The PRIDE Committee's decision Monday afternoon to concentrate on a get-out-the-yes-vote campaign takes the high road in Tupelo's efforts to win voter approval of a Phase II Major Thoroughfare Program.
An Aug. 6 referendum requires a simple majority's approval to continue a 10-mill tax voters levied on themselves in 1991 to pay for Phase I of the Major Thoroughfare Program. A mill generated $1 for every $1,000 of assessed valuation.
The PRIDE Committee, composed of Tupelo citizens from every ward and virtually every major neighborhood, studied options for extending the 1991 program beginning in early spring. The committee's consensus was to complete north-south and east-west thoroughfare plans on a Gloster Street/Main Street axis. The new work would tie into the major traffic flow improvements completed or under construction in Phase I.
The decision to concentrate on getting out committed support for a Phase II program plays directly to the strength of Phase I it worked as designed and promised. Some of the scheduling needed to be changed during construction. However, Phase I supporters promised a traffic flow program designating specific streets and intersections and made good on the plan presented to voters.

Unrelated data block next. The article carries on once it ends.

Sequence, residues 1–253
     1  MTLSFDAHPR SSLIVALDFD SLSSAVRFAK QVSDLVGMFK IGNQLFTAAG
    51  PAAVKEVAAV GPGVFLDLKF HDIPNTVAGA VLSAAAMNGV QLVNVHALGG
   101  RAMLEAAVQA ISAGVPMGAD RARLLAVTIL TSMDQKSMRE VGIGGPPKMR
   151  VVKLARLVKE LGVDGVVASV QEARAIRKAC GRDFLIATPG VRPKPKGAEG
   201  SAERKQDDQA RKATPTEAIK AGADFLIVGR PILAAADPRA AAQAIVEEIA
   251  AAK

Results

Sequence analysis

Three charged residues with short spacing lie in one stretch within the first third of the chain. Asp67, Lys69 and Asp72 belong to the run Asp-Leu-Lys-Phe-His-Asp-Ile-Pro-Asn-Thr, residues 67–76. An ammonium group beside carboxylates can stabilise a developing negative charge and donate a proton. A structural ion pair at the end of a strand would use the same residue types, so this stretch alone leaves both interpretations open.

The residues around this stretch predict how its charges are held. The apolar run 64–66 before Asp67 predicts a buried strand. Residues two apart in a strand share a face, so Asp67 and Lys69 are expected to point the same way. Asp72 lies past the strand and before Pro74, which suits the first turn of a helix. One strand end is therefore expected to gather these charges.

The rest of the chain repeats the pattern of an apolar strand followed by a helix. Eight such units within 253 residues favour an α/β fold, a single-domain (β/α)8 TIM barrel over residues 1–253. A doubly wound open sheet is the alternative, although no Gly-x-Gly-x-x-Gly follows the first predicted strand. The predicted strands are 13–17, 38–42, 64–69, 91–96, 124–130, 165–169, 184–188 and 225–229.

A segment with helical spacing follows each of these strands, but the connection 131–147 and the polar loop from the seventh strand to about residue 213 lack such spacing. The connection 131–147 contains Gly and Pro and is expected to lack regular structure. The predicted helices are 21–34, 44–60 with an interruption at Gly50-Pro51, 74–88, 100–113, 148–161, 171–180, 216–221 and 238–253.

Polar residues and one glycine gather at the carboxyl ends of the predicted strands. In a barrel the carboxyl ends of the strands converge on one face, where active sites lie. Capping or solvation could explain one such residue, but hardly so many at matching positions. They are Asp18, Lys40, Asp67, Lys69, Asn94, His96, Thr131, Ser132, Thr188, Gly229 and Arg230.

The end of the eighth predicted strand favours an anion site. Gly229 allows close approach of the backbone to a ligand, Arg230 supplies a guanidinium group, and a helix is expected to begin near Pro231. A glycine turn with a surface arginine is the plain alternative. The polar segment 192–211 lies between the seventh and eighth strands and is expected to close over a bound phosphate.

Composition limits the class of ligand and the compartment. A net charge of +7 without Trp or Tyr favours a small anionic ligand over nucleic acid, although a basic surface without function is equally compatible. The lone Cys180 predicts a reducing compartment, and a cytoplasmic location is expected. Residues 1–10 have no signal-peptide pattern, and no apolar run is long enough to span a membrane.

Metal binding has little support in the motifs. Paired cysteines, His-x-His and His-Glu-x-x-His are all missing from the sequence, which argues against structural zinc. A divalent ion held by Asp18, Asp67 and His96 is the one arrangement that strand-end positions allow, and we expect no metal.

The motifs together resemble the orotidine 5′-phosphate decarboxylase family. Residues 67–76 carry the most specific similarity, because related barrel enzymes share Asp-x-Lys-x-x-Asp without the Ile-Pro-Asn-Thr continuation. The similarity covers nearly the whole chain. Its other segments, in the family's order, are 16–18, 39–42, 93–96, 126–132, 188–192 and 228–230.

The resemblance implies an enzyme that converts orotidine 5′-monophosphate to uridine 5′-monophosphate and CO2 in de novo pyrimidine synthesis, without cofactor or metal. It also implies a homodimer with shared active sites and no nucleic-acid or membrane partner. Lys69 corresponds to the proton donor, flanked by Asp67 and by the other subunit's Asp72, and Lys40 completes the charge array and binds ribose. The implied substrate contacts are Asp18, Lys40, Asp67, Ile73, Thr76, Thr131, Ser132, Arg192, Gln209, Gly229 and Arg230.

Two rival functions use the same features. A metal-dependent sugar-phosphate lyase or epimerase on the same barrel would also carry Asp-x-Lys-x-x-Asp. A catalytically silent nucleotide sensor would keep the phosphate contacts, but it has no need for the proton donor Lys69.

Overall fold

Members of the PRIDE Committee (composed of citizens appointed by the City Council and Mayor Marshall to represent all Tupelo residents) know the city can't afford unlimited spending. The goal of building arteries to move large numbers of vehicles efficiently, even in peak hours, makes ultimately good sense. Getting vehicles from one place to another without lengthy delays and bottlenecks means they can be more quickly dispersed into secondary streets and highways or parked at commercial and retail destinations.
It's also reassuring and good sense to know from Mayor Marshall that he hopes to continue an Oversight Committee formed to monitor Phase I with many of the members currently serving. Every city committee needs a natural infusion of "new blood," but there's a strong case to be made for continuity and the knowledge of especially important projects.
The Oversight Committee for Phase II was added to the ordinance setting the plan into law at the City Council's last meeting.
The issue goes to voters in less than a month, and the completed projects in Phase I will make the case for Phase II every day from now until Aug. 6. Tupelo's traffic flow improved dramatically with Phase I. There's no reason to expect results any less valuable with the plans for Phase II.